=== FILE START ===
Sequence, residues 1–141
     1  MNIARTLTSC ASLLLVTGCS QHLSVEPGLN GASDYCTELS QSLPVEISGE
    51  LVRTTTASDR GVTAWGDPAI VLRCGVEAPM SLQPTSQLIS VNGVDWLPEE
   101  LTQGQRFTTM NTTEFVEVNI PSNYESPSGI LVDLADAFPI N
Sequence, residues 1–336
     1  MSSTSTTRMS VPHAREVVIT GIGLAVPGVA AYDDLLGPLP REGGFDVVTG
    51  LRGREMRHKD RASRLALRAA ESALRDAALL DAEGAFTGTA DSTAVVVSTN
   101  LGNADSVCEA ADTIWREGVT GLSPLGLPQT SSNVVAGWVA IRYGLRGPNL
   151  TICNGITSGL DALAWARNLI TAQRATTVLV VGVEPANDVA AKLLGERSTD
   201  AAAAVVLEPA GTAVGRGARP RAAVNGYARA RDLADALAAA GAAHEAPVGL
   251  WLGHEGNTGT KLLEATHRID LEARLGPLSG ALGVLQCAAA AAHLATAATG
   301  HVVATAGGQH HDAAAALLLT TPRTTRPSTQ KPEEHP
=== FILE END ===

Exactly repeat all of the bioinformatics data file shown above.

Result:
Sequence, residues 1–141
     1  MNIARTLTSC ASLLLVTGCS QHLSVEPGLN GASDYCTELS QSLPVEISGE
    51  LVRTTTASDR GVTAWGDPAI VLRCGVEAPM SLQPTSQLIS VNGVDWLPEE
   101  LTQGQRFTTM NTTEFVEVNI PSNYESPSGI LVDLADAFPI N
Sequence, residues 1–336
     1  MSSTSTTRMS VPHAREVVIT GIGLAVPGVA AYDDLLGPLP REGGFDVVTG
    51  LRGREMRHKD RASRLALRAA ESALRDAALL DAEGAFTGTA DSTAVVVSTN
   101  LGNADSVCEA ADTIWREGVT GLSPLGLPQT SSNVVAGWVA IRYGLRGPNL
   151  TICNGITSGL DALAWARNLI TAQRATTVLV VGVEPANDVA AKLLGERSTD
   201  AAAAVVLEPA GTAVGRGARP RAAVNGYARA RDLADALAAA GAAHEAPVGL
   251  WLGHEGNTGT KLLEATHRID LEARLGPLSG ALGVLQCAAA AAHLATAATG
   301  HVVATAGGQH HDAAAALLLT TPRTTRPSTQ KPEEHP